Types of Property Ownership

A common goal for many people is one day owning a property. But what does this look like in reality? Learn more about types of property ownership today.
Colby Brin
March 22, 2023
min read

Before buying a house in the UK, it’s really important to consider the types of property ownership that prevail in the country. Freehold or leasehold? Commonhold or share of freehold? There are lots of types of ownership to consider.

To help you, this guide introduces the different types of property ownership options available to you and runs through their pros and cons. By the end of this piece, you will understand which type of ownership is best for you, enabling you to continue your search for your dream home.

What are the Forms of Property Ownership?

There are three primary types of property ownership in the UK:

Sole ownership

The most straightforward type of property ownership in the UK is sole ownership. This is where a single person owns a total interest in an asset, which can be transferred from one person to another via a sale/purchase agreement.

Regarding taxes, income and capital gains made on the property are charged to the individual owner alone. It’s not possible to share income and capital gains with a spouse or civil partner for tax benefits.

Most people who purchase a home in the UK become sole owners, but it’s certainly not the only type of home ownership to consider.

Joint tenancy

Another way to own property in the UK is through a joint tenancy agreement. Here, it is presumed that you and one other person hold joint shares in the property’s value.

Because each individual is entitled to an equal share in the property in a joint tenancy agreement, income and capital gains must be split 50/50, and no election can be made to split the difference.

Should one person die, the property is then automatically owned solely by the surviving owner. The deceased party can usually be removed from the land registry records by formally notifying the office of the death (and providing proof of death).

Tenancy in common

A tenancy in common can be an attractive property ownership arrangement for some people, as it enables several individuals to own a property in equal or unequal shares.

This can be particularly useful if one person contributes more capital to purchasing a property than another. Should you wish to pursue a tenancy in common, it’s recommended to draw up a deed of trust to articulate the particulars of the ownership.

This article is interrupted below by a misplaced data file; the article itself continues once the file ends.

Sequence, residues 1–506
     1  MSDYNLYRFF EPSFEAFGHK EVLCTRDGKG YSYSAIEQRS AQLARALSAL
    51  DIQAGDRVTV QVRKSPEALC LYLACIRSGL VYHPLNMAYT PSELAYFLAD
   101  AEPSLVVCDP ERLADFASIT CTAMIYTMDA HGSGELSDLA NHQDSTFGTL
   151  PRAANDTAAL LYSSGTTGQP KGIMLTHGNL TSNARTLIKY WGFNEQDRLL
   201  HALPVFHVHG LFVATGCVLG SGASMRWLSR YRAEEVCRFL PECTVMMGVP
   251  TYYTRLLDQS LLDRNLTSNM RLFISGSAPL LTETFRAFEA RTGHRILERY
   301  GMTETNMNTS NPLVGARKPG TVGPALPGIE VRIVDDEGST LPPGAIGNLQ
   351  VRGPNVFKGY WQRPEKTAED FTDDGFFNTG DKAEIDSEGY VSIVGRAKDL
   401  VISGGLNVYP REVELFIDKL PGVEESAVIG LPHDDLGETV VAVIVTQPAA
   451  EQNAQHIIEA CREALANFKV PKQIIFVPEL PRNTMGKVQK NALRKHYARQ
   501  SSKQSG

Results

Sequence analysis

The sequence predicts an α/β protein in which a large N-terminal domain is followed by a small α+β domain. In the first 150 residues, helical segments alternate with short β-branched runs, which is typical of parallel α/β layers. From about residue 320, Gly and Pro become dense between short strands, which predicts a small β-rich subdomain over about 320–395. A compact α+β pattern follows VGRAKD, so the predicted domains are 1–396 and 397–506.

It’s also important to note that the right of survivorship doesn’t apply to tenants who hold a tenancy in common agreement. Therefore, if one of the owners dies, their share is left to a beneficiary as stipulated in their will.

What are the Types of Ownership Titles?

In addition to the types of property ownership, you also need to consider the different ownership titles that prevail in the UK:


The first option is to own a property freehold. In a nutshell, a freehold means that you own a property that is “free from hold” of anyone other than the owner. In other words, you have the right to use the property in any way you see fit, as you are the sole named owner for an undefined period.

In most instances, it’s easier to process a freehold sale and it requires less paperwork than lease holdings. However, this also means that freeholds are often more expensive, which is something that you need to take into consideration.

Pros Cons
Complete autonomy of how the land/property is used More expensive than leaseholds
Less paperwork and easy to process Not as widely available as leaseholds
No payments in the form of ground rent
No time restrictions


When you purchase a property via a leasehold, you are buying it for a pre-determined amount of time. Once the term of the lease runs out, ownership of the property transfers to the person that owns the land if the lease is not renewed.

Many leases in the UK run for at least 99 years, but they can run for as long as 999 years. A 999-year lease is essentially as good as a freehold, but short leasehold arrangements (less than 80 years) can be problematic, particularly when it comes to re-selling your property.